E-books serve as valid alternative
Librarians decide which books a library should buy and students take what they can get, an archetype that Rick Anderson, associate dean of scholarly resources and collections at the Marriott Library, calls the “eat your peas” library model.
Anderson is helping usher the library into an era of Patron-Driven Acquisition in which the needs of library users determine which books end up in the collection.
In fact, they’ll end up in many places — on your smartphone, on your computer at home, sometimes on your Kindle — everywhere except the library’s shelves. Library policy states that if a desired title is available electronically, the library will opt for the e-book over the physical copy.
“When it comes to sitting and reading a book beginning to end, a codex-bound book is a really good thing,” Anderson said. “But it’s really bad at delivering discrete information.”
Books are a hassle — they are hard to transport, you have to go to the library during operating hours to get them and only one person can use a book at a time.
It is also impossible to search the full text of a book, a valuable tool for a researcher or scholar armed with specific keywords.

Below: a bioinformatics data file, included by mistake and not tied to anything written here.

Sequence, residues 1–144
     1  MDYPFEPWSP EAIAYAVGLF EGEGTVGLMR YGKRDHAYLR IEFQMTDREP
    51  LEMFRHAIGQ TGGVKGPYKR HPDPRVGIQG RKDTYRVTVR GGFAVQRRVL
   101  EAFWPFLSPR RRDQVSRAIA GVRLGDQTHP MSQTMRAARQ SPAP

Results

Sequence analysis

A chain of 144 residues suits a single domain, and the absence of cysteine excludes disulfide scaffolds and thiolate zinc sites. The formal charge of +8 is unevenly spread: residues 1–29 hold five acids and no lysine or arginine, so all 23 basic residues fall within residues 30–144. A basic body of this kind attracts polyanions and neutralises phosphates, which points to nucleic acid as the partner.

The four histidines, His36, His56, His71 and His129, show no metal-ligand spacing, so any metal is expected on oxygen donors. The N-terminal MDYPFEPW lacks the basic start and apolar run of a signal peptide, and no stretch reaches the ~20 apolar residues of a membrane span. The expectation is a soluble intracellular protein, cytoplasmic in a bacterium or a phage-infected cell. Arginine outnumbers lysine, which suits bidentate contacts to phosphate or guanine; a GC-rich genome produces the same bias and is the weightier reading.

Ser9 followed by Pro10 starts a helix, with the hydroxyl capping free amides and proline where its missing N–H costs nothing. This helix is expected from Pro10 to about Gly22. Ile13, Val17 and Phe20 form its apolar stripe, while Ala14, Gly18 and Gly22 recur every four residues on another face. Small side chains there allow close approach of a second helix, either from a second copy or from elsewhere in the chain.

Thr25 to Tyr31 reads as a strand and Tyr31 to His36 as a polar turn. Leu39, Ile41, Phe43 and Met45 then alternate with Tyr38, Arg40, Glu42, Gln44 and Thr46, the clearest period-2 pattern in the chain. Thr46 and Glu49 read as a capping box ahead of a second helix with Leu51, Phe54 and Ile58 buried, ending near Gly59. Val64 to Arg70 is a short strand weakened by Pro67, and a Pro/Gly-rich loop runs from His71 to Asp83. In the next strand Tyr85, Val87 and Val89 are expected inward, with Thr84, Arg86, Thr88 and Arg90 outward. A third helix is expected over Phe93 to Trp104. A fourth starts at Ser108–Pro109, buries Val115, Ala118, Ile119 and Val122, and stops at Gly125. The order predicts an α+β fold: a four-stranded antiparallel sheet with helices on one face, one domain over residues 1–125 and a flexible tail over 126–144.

“You can search the index, but that is radically incomplete,” Anderson said.
E-books are not a flawless solution. Reading on a screen is less comfortable than reading from paper, and the variety of platforms and providers make the medium unreliable.
“We like the competition between platforms, because that’s how they’ll improve,” Anderson said.
He acknowledged that there is no consistency with the e-book experience, however.
Until now, a fruitful research technique in the library has been to get a few call numbers of books on the research topic then browse the shelves around those books for other helpful titles.
The wider selection of books available to library users through an online collection make up for the loss of the physical books. Instead of the 10 books on either side of the call number you picked, you have thousands of books on the topic, Anderson said.
But how will e-books make themselves known to students who don’t know what they’re looking for?
In the short run, students will have to learn new search skills. An advanced subject search on the library’s catalog can yield the same results as a visit to the stacks, but it requires an extra step students are not used to taking.
Eventually, Patron-Driven Acquisition will mean that any book is available. A library can offer users a catalog of thousands of books that it doesn’t have to buy until the student decides to check one out. Such specific purchasing efficiently directs the library’s funds to the books students want to read.
“An arguably fine collection that fails to meet the actual real-life needs of the scholarly population it is supposed to serve is not a ‘good’ collection in any meaningful sense,” Anderson said in an article.
The search system will continue to improve as the inventory expands, he said.
“The purpose of the collection isn’t to be a great collection — it’s to connect patrons with exactly what they need,” he said.
Although I am intrigued by the prospects that the Patron-Driven Acquisition model presents, I worry that students won’t know how to properly access the materials the system provides.